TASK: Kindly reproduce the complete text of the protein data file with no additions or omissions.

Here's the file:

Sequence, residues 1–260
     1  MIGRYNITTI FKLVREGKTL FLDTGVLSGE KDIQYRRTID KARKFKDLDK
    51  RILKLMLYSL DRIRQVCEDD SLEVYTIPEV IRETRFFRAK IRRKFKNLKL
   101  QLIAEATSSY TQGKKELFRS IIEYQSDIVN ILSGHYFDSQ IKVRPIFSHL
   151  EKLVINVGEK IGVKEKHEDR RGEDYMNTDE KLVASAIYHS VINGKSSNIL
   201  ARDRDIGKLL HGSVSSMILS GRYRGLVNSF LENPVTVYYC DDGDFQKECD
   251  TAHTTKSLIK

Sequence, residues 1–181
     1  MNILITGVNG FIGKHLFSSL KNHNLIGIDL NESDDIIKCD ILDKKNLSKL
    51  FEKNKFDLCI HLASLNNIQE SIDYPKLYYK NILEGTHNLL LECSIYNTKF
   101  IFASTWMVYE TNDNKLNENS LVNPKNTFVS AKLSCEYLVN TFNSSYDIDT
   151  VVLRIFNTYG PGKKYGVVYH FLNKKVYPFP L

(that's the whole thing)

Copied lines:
Sequence, residues 1–260
     1  MIGRYNITTI FKLVREGKTL FLDTGVLSGE KDIQYRRTID KARKFKDLDK
    51  RILKLMLYSL DRIRQVCEDD SLEVYTIPEV IRETRFFRAK IRRKFKNLKL
   101  QLIAEATSSY TQGKKELFRS IIEYQSDIVN ILSGHYFDSQ IKVRPIFSHL
   151  EKLVINVGEK IGVKEKHEDR RGEDYMNTDE KLVASAIYHS VINGKSSNIL
   201  ARDRDIGKLL HGSVSSMILS GRYRGLVNSF LENPVTVYYC DDGDFQKECD
   251  TAHTTKSLIK

Sequence, residues 1–181
     1  MNILITGVNG FIGKHLFSSL KNHNLIGIDL NESDDIIKCD ILDKKNLSKL
    51  FEKNKFDLCI HLASLNNIQE SIDYPKLYYK NILEGTHNLL LECSIYNTKF
   101  IFASTWMVYE TNDNKLNENS LVNPKNTFVS AKLSCEYLVN TFNSSYDIDT
   151  VVLRIFNTYG PGKKYGVVYH FLNKKVYPFP L